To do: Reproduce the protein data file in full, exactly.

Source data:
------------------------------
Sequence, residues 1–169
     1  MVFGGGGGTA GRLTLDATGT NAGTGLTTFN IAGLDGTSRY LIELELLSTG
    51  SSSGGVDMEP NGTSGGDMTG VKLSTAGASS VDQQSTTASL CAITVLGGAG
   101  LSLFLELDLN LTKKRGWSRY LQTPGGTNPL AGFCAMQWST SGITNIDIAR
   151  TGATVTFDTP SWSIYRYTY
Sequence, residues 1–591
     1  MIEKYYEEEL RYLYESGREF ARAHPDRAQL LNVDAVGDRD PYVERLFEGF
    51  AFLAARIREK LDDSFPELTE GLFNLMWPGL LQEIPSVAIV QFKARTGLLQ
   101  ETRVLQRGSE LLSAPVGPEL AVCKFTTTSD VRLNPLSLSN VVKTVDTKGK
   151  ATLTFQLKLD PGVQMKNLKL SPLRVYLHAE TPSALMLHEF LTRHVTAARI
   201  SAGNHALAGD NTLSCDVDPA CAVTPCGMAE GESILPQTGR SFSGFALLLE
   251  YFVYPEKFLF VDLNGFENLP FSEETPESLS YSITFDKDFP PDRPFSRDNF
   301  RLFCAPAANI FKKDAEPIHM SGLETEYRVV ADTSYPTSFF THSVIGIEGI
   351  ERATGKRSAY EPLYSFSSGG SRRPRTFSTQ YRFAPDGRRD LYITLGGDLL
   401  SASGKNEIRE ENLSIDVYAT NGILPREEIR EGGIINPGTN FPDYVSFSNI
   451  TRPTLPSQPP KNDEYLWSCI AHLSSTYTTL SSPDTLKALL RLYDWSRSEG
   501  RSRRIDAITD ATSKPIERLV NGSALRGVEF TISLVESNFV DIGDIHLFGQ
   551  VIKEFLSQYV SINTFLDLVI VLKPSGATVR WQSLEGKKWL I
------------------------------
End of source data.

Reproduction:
Sequence, residues 1–169
     1  MVFGGGGGTA GRLTLDATGT NAGTGLTTFN IAGLDGTSRY LIELELLSTG
    51  SSSGGVDMEP NGTSGGDMTG VKLSTAGASS VDQQSTTASL CAITVLGGAG
   101  LSLFLELDLN LTKKRGWSRY LQTPGGTNPL AGFCAMQWST SGITNIDIAR
   151  TGATVTFDTP SWSIYRYTY
Sequence, residues 1–591
     1  MIEKYYEEEL RYLYESGREF ARAHPDRAQL LNVDAVGDRD PYVERLFEGF
    51  AFLAARIREK LDDSFPELTE GLFNLMWPGL LQEIPSVAIV QFKARTGLLQ
   101  ETRVLQRGSE LLSAPVGPEL AVCKFTTTSD VRLNPLSLSN VVKTVDTKGK
   151  ATLTFQLKLD PGVQMKNLKL SPLRVYLHAE TPSALMLHEF LTRHVTAARI
   201  SAGNHALAGD NTLSCDVDPA CAVTPCGMAE GESILPQTGR SFSGFALLLE
   251  YFVYPEKFLF VDLNGFENLP FSEETPESLS YSITFDKDFP PDRPFSRDNF
   301  RLFCAPAANI FKKDAEPIHM SGLETEYRVV ADTSYPTSFF THSVIGIEGI
   351  ERATGKRSAY EPLYSFSSGG SRRPRTFSTQ YRFAPDGRRD LYITLGGDLL
   401  SASGKNEIRE ENLSIDVYAT NGILPREEIR EGGIINPGTN FPDYVSFSNI
   451  TRPTLPSQPP KNDEYLWSCI AHLSSTYTTL SSPDTLKALL RLYDWSRSEG
   501  RSRRIDAITD ATSKPIERLV NGSALRGVEF TISLVESNFV DIGDIHLFGQ
   551  VIKEFLSQYV SINTFLDLVI VLKPSGATVR WQSLEGKKWL I